I love international thrillers, but as I have a background in political science and international relations, you cannot sell me everything. This book based on the issues of the Iranian nuclear program, the Blind Scorpion has a good story but the facts of the story are so misleading and very implausible. The background research is well done and the information about nuclear processes and Iran are accurate. My problem was with the plot who does not reflect the reality. For instance, who would offer a job as a top - security clearance included - nuclear scientist with such a big lust for money and a passion for playing in casino? How the same checked and over-checked scientist can accept with a blink of an eye the invitation to go back to Iran apparently for lecturing for good money?And first and foremost, how would he easily left to leave the States when there are already signals that he can be in danger. Not forget how the same scientist starts to explain complicated nuclear processes to a CNN diva he met on the airplane. And so on and so forth.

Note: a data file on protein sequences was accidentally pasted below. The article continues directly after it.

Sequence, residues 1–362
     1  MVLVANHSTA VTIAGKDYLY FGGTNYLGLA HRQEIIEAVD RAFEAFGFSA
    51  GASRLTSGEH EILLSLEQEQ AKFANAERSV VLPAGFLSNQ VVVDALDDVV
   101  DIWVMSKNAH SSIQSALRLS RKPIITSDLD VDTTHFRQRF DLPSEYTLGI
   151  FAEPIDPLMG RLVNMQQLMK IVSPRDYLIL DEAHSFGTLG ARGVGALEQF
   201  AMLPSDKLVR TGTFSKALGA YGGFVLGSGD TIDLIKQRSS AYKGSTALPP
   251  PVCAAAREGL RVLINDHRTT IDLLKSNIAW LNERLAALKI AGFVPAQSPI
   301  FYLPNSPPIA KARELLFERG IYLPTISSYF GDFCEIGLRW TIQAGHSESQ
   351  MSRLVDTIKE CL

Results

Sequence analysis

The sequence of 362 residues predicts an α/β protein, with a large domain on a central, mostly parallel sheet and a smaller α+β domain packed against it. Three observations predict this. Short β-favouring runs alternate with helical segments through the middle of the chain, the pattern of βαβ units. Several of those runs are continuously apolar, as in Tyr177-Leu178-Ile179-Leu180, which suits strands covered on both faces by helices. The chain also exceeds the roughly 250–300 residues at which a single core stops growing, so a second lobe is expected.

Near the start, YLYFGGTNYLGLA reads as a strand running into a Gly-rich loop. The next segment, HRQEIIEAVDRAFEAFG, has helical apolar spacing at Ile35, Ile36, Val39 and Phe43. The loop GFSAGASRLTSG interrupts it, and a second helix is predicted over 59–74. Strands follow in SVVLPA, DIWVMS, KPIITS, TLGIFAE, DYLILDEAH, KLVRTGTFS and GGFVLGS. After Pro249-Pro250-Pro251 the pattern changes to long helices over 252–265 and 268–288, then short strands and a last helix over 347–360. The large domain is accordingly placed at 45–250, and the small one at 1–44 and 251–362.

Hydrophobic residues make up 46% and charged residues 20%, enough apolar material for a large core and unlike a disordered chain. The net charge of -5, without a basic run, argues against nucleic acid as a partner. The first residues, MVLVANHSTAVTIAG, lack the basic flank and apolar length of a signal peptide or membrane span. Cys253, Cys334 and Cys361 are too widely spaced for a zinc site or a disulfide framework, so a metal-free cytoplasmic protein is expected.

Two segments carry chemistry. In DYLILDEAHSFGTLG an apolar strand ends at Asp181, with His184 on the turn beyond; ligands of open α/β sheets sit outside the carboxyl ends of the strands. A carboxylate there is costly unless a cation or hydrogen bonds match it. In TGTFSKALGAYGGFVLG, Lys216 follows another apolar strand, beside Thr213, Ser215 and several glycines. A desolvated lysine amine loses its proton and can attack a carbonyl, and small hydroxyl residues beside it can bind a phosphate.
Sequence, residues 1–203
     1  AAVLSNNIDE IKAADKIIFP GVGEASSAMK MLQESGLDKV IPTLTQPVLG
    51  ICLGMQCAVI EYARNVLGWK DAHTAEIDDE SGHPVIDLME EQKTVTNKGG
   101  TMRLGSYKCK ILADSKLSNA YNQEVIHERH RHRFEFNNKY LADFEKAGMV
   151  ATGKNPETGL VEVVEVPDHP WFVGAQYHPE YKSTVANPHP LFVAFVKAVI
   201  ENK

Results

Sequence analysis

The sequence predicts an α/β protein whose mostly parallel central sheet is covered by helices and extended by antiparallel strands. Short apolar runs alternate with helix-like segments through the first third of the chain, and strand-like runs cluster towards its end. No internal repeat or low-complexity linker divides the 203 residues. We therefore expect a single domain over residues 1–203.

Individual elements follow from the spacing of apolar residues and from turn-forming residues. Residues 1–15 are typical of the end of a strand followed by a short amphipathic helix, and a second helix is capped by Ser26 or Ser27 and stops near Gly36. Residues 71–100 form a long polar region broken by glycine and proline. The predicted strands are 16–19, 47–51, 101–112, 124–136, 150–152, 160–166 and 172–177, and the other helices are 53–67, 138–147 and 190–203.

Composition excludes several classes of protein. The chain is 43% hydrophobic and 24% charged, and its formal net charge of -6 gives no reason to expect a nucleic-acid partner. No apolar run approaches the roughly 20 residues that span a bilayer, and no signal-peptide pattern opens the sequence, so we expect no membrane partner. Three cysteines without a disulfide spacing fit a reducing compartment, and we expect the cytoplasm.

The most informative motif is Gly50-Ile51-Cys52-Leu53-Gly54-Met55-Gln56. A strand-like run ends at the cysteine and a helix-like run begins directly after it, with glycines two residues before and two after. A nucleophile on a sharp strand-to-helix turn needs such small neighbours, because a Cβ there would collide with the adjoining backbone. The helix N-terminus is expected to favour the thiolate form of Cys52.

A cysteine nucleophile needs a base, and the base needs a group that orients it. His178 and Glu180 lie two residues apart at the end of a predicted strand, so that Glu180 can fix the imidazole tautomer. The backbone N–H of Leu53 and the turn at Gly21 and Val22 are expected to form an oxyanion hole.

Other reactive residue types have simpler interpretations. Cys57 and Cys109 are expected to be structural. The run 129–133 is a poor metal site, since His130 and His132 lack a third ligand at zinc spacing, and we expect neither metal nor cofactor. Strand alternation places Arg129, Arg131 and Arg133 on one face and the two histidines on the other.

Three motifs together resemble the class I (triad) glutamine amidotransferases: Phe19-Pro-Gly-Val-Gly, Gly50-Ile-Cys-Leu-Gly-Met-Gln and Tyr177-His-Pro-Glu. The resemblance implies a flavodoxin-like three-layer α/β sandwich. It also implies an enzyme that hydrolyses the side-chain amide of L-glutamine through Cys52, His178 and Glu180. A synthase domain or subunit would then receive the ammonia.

For the next week, I have one special bookish surprise so I hope the stars of my reviews will improve! Stay tunned and happy reading...

Saturday, January 30, 2016

Book review: Changing my Wardrobe, by Deb Hanrahan

Long time ago, I took an online class about cyber bullying, many years before the omni-presence of social media. At the moment, I did find the phenomenon very scary and as dangerous as a lethal poison, but following recent stories in the media or personal accounts of friends with children of different ages, it seems that nowadays the extent of the phenomenon is much extended and often takes deadly turns. 
Changing my Wardrobe, by Deb Hanrahan is telling a bullying story, covering the experiences of a group of teens entering the final years of school. The pace is slow, with a certain routine of the characters and almost unpredictable events. The plot in itself is captivating, well writen, keeping the reader till the terrible end of the story.